The Rat Race of Finding the Next ‘Golden Nugget' to Write About

Gillian Sisley

We are content curation machines. But how do we deal with the internal and external pressures to create the best content possible?

Image by David Mark from Pixabay

Hello, fellow writers.

We are a particular, unique breed of human.

We are dedicated to pursuing a hobby/career in something that is in no way lucrative, easy, and very rarely allows us to pay the bills.

And yet, the passion flares in us. We continue to write because in doing so we express parts of our soul that otherwise remain silent.

And while there are many of us who choose to write only for pleasure, there are others (like me) who are pursuing writing as a career.

People like me who would like to work full-time and survive off of the earnings I can make from writing.

It may be a piper’s dream, but at the end of the day it’s my dream.

And I know I’m not the only one who feels this way.

That said, the road to writing professionally is no picnic. And the biggest enemy, while also our ticket to success, is consistent, regular content creation.

The content curation process is indeed a double-ended sword.

Writing professionally is in no way a passive form of income.

When not creative writing, I’m a ghostwriter for my copywriting business.

But the thing about trying to make an income at your own gig is there’s an ever-present, and dangerous, shadow hanging overhead:

That shadow is desperation. And in desperation, we can easily make mistakes.

I know this to be a very true reality in business. When I get desperate, I make mistakes and sabotage myself.

My writing is no different.

When I write out of anxiety, or a desperation to be accepted or validated by readers, my work often bombs.

It’s in the moments when I’m writing most sincerely, and from the heart, that I’ve written my best work.

And that’s all well and good — but the bills don’t wait to come in until we find inspiration or topics to write from the heart.

There’s no such thing as a unique idea anymore.

Hate to break it to you, but that thing you want to write about? It’s already been written about before.

It’s depressing, but also very true.

There’s no such thing as a unique idea anymore, because everything has already been said and done.

And as a writer, that can feel extremely discouraging.

So, how does a writer even create something that people want to read, if there’s no such thing as a unique idea in this day in age?

The answer to this is not to be concerned with writing something entirely new an innovative — it’s to concern yourself with writing that which is relevant.

We humans, while complex, tend to work in a cyclical way. The trends of decades ago always come back. The ideas we cared about once may become outdated, but we will again care about them someday.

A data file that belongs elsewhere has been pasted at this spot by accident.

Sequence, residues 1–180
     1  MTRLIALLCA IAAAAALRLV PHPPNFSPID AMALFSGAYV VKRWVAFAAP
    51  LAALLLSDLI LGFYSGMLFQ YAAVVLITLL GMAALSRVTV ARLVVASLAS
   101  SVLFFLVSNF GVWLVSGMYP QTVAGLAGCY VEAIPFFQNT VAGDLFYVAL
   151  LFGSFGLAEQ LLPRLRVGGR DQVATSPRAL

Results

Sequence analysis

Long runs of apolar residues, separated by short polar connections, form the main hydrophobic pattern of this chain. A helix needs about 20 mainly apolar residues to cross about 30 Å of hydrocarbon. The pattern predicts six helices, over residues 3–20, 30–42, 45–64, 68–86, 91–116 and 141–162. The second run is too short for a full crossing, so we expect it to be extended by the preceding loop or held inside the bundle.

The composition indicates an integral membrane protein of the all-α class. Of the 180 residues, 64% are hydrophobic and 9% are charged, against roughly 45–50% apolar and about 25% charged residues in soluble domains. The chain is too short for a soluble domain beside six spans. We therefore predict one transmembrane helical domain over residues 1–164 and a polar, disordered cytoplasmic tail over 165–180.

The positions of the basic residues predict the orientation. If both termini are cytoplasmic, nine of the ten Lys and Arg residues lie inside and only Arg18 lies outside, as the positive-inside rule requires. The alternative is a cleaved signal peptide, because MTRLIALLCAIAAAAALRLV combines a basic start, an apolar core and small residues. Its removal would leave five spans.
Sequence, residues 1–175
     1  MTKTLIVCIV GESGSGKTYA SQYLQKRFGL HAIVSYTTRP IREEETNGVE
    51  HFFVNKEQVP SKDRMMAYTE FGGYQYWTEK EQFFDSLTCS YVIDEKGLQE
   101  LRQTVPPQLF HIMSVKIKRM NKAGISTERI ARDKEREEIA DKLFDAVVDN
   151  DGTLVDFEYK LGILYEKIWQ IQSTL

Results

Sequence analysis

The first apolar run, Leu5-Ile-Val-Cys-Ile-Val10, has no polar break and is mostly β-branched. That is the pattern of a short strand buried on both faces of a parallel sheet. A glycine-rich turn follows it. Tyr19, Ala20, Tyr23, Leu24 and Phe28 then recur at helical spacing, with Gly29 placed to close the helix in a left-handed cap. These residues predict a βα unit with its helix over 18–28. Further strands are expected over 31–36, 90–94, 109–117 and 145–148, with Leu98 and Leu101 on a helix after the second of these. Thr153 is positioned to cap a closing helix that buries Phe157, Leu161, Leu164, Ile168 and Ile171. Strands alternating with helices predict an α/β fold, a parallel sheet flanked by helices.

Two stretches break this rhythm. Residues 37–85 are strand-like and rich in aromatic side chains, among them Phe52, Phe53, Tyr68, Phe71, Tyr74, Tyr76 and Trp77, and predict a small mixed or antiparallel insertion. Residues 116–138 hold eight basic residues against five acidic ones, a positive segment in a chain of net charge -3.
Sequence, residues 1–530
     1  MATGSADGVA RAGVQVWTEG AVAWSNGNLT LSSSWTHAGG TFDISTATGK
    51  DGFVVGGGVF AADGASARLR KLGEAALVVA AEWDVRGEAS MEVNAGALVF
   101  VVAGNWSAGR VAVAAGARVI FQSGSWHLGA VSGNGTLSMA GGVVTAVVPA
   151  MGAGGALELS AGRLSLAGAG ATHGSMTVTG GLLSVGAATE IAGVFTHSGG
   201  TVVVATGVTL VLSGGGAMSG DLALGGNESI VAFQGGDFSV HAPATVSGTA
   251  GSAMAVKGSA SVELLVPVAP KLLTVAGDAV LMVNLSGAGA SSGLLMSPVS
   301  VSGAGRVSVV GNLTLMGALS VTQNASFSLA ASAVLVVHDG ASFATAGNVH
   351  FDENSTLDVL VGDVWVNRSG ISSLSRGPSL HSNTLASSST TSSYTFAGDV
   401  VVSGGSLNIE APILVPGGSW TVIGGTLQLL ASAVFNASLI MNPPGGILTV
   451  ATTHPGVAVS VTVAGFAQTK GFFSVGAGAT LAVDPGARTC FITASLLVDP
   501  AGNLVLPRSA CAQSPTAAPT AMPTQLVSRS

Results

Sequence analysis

To know what people care about, as writers we must keep our fingers on the pulse of society.

That isn’t to say that we have to write about only that which is trendy. If there is something that we as writers care about, odds are there is someone else who cares about it, too.

One of the best ways for us to survive the rat race of content curation as writers is to take into account what our ideal reader would be excited to read, as well.

“Readers must be given room to bring their own emotions to a piece so crammed with emotional content; the writer must tenaciously resist explaining why the material is so moving.” ― William Zinsser

Running on the continuous hamster wheel risks inevitable burnout.

Show me one writer who has been writing for more than 6 months who hasn’t experienced some form of creative burnout, and I would be shocked.

We’re not just writing for the sake of it — we’re putting our hearts and souls and truest beings into existence through scribbled and types words.

Giving so much of ourselves to the page could only ever result in giving faster than we can recharge.

And the added concern of trying to stay relevant and in front of readers just charges this fear even more.

It encourages us to push even further than we should, often avoiding the signs from our body which are indicating to us that we need to slow down.

We tend to say, as writers, that burnout “snuck up on us”. This actually isn’t the truth. There were signs — we just happily ignored them for the sake of creation and staying in the game.

That’s another key characteristic of creative writers — we like to live in a magical place called “blissful ignorance”.

Final word.

The writing industry isn’t a straightforward journey.

It’s a tumultuous landscape, and it takes someone with grit and determination to survive it.

We, fellow writers, are a unique breed.

We are a creative, clever, and innovative breed.

We have hearts full of lights and wonder that we feel compelled to share with the world.

And despite the rat race of this industry, and the pushing and pulling of pressures from all sides, at the end of the day:

We continue to write because in doing so we express parts of our soul that otherwise remain silent.

And that passion is worth the effort to keep it alive and burning.

“Writing is hard work. A clear sentence is no accident. Very few sentences come out right the first time, or even the third time. Remember this in moments of despair. If you find that writing is hard, it’s because it is hard.” -- William Knowlton Zinsser, On Writing Well: The Classic Guide to Writing Nonfiction

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